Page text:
How to price house cleaning servicesOctober 14, 2008: 9:03 AM ET
Ask FSB's experts demystify the math of pricing services in the booming home and office cleaning industry.
Joe Vitale, New York City
I currently own a carpet-cleaning business that is about six years old. I am thinking of expanding into home and office cleaning, but have no idea on how to bid the jobs. I used to work for a large cleaning firm in a large city in California, so the prices were set really high. I now live in a small town where there is not so much cash flow. Is there a source or guide that anyone knows about that is not a scam?
By Myrlande Davermann, Fortune Small Business contributor
Dear Joe: "'How much should I charge' is the million dollar question - literally. The answer is a big part of the difference in what makes a million-dollar cleaning business versus the typical mediocre house cleaning business," says Gary Goranson, founder and president of cleaning company Work Enders and leader of the House Cleaning Biz 101 program. There are so many factors to consider in properly pricing a housecleaning that the answer to the how-much-to-charge question is rarely obvious.
The size of the home does have a bearing on what you should charge, but the time and labor involved in cleaning it is what really matters. The House Cleaning Biz 101 program is based on a formula Goranson refers to as "POM=CP," which stands for "Payroll (what you'll have to pay your worker) + Overhead (average cost per cleaning of administrative and non-payroll expenses) + Markup (the markup required to achieve your desired profit margin percentage on the job) = Cleaning Price." Average markup runs from 25% to 33%, to generate a profit margin of 20% to 25%, according to Goranson.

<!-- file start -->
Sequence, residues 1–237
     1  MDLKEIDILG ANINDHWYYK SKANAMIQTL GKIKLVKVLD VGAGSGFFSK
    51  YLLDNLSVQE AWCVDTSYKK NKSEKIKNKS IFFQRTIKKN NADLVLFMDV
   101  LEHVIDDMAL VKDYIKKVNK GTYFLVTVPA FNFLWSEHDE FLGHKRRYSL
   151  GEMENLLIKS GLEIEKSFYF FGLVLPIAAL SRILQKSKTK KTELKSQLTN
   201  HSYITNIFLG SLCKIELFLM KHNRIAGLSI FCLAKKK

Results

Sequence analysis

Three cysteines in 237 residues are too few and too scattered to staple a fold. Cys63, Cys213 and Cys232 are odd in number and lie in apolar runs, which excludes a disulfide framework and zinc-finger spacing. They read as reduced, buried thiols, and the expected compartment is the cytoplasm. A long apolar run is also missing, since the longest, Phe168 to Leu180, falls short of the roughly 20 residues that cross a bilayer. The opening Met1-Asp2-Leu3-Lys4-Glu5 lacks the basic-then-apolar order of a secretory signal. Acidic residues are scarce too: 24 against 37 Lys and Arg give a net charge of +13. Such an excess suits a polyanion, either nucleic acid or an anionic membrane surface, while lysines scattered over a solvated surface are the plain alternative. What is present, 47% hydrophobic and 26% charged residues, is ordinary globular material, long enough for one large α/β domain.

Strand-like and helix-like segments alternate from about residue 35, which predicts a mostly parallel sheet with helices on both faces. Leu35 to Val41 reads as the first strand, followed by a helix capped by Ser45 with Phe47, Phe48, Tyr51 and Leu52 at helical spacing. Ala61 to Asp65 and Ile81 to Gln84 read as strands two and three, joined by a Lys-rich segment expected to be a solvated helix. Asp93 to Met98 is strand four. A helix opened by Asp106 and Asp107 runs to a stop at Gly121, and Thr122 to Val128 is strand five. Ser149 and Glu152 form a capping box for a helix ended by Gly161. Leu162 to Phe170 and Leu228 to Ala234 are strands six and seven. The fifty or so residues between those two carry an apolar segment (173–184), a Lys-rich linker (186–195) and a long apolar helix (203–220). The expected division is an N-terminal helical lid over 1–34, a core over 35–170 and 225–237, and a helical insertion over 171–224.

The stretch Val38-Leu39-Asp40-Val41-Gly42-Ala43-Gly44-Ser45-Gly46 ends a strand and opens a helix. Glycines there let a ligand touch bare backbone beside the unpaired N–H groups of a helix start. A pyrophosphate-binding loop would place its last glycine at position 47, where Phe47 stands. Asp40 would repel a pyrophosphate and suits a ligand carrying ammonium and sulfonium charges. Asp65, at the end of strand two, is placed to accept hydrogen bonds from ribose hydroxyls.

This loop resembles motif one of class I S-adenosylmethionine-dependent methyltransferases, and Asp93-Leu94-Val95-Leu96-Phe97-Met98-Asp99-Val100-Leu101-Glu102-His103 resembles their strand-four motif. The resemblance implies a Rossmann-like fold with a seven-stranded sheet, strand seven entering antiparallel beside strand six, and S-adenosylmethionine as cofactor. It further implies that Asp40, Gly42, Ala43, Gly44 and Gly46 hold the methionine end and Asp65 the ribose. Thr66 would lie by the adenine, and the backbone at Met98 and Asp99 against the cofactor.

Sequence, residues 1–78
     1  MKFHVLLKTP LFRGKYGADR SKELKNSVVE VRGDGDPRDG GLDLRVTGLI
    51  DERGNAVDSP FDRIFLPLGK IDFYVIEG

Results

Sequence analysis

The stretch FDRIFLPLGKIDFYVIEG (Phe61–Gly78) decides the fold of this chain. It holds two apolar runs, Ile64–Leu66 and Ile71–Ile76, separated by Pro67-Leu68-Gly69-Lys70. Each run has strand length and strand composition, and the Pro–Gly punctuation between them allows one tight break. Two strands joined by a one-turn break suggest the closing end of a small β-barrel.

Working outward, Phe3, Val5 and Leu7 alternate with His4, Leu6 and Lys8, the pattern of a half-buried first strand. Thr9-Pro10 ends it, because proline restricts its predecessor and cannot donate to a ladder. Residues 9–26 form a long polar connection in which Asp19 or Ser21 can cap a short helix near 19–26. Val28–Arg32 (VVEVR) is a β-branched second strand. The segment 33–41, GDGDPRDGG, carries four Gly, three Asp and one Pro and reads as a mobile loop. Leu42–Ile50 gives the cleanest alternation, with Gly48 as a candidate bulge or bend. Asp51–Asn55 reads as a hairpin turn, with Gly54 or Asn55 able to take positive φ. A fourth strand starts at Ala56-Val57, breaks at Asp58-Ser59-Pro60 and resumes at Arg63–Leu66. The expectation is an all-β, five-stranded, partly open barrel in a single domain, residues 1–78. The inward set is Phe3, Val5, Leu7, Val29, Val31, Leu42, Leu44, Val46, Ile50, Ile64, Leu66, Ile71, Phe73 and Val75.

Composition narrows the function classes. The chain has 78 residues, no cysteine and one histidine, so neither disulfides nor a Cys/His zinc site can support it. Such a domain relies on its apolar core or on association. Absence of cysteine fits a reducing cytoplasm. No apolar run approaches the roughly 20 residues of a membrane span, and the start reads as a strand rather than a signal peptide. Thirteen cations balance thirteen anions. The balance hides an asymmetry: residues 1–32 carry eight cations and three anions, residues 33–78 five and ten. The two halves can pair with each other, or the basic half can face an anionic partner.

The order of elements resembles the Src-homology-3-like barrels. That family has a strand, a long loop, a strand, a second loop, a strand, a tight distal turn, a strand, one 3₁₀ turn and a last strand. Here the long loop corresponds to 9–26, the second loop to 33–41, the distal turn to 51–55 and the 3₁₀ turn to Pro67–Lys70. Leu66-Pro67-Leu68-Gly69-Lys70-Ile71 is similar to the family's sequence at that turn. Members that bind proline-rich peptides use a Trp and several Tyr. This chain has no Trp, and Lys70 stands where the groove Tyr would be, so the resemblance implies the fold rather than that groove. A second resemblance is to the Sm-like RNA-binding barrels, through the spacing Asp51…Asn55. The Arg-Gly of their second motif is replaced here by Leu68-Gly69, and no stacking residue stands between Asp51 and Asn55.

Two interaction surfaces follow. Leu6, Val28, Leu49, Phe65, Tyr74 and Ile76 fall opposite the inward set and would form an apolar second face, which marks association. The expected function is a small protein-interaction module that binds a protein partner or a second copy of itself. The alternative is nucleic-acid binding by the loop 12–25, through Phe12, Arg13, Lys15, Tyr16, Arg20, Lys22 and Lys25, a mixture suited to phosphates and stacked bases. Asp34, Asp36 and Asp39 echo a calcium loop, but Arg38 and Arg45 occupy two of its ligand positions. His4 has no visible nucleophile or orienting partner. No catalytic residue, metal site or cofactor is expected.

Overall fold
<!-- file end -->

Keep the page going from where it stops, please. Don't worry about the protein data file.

The formula works because it begins by factoring in what it costs the owner in labor and travel time to perform the job, Goranson says. He trains people to account for both current and future expenses. For example, if you don't have a commercial office space and anticipate needing one, you should factor into your projections how much you think it will cost for you to expand out of your home setting, and include that in your overhead. That way, when you are ready to expand, you will be looking at a realistic picture.
Debby Sardone, president of the Association of Residential Cleaning Services International (ARCSI) notes that the house cleaning business has been booming for years and shows no signs of slowing down. She agrees that pricing jobs is difficult: "There are many complexities."
She does have a few rules of thumb, though. Most house cleaners need about an hour to an hour and 15 minutes for every 1,000 square feet of regular maintenance cleaning. First-time cleanings will take double to triple that length of time to remove built-up grime and bring the house to a "maintenance" level. New clients are expecting to pay more on the first visit - "so don't be afraid to charge more," she says.
While prices vary around the country, the typical rate for professional maid services ranges from $30 to $40 per labor hour, she says.
Finally, Goranson recommends that before quoting prices over the phone, you visit the potential client's home and take a look at the work entailed. For more information, check out the House Cleaning Biz 101 program or follow-up with the ARCSI.